The complicated story of Gertrude Bell’s work, initially off her own bat and later as a British appointee is told in the film alongside the personal life of a woman who significant relationships with a select group of men, but who never married. The film’s creators led by the two producer-directors Sabine Krayenbühl and Zeva Oelbaum developed an interesting strategy for a biodoc which certainly works in maintaining a narrative flow. They collected some 1,200 archive film clips and several thosand still photographs, many taken by Bell herself. Much of the material came from the Gertrude Bell archive at Newcastle University. They collected together Bell’s letters and diary entries and also the statements made by many of the distinguished figures who knew her. In an interview with Anne-Katrin Titze, Sabine Krayenbühl says that the aim was to imagine that these statements were made for a documentary just two or three years after Bell’s death in 1926. The ‘witnesses’ are played by actors in appropriate period costumes who read out the statements as if they were appearing in a modern-style documentary. This is a technique which is similar to that used by Peter Watkins in a film like Culloden (1964), although in this case the actors appear against a plain studio backdrop instead of on the battlefield. The film material is quite varied with some colour footage as well as what seems to be hand-tinted footage. They also seem to have added sound effects to the footage – and sometimes what seem to be lines of dialogue. The diaries and letters of the adult Gertrude are read (off screen) by Tilda Swinton, who is also an executive producer. The editing by Sabine Krayenbühl is very good and the production’s profile is boosted by an executive producer role for Thelma Schoonmaker. (The film also has a UK co-producer and associate producers in France.) All of this worked for me and they were fortunate that Gertrude Bell had access to good quality photographic equipment and was skilled in using it. It’s also worth pointing out that the nineteenth century had been an important period for both French and British ‘Orientalism’ and ‘Arabism’ and there was a wide interest in filming in Mesopotamia.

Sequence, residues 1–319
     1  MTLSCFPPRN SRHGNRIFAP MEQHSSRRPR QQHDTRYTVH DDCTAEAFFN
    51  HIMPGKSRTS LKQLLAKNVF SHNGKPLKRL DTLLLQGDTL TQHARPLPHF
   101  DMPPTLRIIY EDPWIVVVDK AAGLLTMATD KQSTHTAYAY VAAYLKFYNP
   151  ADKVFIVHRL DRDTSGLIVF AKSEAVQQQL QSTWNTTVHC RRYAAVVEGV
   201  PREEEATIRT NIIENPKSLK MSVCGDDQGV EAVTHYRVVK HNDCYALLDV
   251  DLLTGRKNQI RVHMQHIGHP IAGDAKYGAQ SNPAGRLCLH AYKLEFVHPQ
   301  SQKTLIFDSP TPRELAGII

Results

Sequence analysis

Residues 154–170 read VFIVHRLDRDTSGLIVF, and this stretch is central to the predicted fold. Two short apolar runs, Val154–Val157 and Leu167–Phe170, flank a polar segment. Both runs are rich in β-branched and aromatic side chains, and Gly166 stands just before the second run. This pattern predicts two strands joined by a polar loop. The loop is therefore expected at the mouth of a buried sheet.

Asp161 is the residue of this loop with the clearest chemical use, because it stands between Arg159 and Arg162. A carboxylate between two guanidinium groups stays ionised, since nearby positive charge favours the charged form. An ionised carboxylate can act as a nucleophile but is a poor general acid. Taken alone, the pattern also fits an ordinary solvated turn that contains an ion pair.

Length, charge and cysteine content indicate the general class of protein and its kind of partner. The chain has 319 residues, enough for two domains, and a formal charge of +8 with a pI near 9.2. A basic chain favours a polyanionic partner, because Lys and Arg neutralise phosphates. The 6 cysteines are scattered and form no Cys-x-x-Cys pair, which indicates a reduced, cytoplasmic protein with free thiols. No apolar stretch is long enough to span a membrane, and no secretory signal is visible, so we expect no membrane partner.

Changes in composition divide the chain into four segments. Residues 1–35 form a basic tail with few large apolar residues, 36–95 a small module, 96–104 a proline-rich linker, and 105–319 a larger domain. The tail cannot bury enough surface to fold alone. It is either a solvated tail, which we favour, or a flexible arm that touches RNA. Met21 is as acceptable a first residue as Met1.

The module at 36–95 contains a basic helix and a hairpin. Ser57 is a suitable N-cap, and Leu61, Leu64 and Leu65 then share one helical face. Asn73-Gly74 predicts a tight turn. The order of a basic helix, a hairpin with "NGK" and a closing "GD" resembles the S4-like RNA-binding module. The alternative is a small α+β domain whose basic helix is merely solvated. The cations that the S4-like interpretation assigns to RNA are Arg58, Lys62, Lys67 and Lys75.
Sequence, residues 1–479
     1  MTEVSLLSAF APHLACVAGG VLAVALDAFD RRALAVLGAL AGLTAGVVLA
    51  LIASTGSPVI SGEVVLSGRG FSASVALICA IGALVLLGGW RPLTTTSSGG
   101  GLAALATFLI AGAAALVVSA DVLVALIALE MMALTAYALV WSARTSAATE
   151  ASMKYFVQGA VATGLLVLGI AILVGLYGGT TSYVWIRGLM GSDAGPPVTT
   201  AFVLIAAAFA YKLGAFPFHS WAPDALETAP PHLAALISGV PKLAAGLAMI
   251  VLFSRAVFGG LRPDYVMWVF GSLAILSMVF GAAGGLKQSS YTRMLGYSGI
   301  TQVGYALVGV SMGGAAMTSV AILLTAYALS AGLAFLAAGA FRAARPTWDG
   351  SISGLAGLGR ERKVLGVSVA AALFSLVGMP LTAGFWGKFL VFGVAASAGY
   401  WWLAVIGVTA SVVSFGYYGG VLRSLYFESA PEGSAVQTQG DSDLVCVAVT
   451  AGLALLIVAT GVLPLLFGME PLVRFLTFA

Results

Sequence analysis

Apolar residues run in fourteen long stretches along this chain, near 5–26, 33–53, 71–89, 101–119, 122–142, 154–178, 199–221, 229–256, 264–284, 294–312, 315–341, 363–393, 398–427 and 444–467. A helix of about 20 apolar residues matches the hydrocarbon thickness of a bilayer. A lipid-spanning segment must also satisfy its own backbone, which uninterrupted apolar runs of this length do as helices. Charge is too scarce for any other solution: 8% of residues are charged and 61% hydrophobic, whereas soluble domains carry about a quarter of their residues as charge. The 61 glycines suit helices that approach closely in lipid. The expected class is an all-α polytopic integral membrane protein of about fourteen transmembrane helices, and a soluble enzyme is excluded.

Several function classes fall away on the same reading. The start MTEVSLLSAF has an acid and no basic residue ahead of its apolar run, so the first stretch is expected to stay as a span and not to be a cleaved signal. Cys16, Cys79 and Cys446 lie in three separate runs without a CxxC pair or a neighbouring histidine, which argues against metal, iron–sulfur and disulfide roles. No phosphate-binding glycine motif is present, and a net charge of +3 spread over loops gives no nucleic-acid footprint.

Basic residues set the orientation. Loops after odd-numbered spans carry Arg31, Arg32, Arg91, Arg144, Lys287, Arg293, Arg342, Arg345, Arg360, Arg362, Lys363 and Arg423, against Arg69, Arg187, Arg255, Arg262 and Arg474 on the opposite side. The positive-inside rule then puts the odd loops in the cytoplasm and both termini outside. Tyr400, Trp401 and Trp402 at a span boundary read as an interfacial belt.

Gertrude Bell on an expedition in Duris, Lebanon, the Bekaa Valley at an Arab funerary monument, Qubbat Duris, in June 1900. (Photo © Gertrude Bell Archive, Newcastle University)